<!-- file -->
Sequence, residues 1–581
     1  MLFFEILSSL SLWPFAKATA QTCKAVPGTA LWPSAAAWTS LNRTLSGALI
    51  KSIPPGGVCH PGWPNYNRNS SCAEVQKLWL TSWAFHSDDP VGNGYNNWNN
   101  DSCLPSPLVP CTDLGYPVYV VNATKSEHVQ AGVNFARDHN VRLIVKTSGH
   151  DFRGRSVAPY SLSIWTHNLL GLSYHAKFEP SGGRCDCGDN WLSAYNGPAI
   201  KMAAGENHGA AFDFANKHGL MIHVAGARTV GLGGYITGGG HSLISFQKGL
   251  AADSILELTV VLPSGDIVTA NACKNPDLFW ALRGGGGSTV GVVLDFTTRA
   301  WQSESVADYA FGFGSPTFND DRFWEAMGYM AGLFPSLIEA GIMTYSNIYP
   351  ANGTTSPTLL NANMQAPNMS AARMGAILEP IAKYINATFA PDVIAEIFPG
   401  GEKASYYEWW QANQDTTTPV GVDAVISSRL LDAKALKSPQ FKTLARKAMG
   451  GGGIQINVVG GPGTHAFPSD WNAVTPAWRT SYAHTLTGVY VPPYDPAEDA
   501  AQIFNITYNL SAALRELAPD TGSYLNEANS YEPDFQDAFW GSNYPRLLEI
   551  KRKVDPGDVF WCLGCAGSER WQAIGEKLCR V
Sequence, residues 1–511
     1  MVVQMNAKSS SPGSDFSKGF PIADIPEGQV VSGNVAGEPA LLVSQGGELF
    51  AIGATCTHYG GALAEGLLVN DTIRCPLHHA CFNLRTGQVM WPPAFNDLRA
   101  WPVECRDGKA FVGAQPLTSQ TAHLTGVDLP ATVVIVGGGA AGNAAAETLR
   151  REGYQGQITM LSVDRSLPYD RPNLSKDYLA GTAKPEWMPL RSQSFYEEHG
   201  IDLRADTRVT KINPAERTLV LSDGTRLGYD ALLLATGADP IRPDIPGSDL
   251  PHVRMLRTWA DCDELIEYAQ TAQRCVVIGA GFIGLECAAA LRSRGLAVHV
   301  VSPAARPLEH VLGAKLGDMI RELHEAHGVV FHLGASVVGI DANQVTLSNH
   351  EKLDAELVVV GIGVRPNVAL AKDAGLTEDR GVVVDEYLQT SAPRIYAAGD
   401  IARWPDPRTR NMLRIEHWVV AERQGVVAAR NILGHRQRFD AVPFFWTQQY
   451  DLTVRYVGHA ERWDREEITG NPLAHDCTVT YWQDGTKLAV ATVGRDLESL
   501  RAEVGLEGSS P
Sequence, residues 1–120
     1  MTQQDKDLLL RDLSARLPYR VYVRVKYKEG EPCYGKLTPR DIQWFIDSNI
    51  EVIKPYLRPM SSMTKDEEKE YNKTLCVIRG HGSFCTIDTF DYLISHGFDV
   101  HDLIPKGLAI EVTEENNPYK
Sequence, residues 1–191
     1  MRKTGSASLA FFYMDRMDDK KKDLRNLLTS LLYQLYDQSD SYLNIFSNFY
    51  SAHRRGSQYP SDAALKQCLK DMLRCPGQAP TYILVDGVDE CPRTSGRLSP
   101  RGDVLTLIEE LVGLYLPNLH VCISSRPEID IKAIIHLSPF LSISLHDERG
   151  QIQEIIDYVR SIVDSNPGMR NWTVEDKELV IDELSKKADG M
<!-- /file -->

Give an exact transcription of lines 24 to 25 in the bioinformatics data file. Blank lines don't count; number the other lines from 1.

   451  DLTVRYVGHA ERWDREEITG NPLAHDCTVT YWQDGTKLAV ATVGRDLESL
   501  RAEVGLEGSS P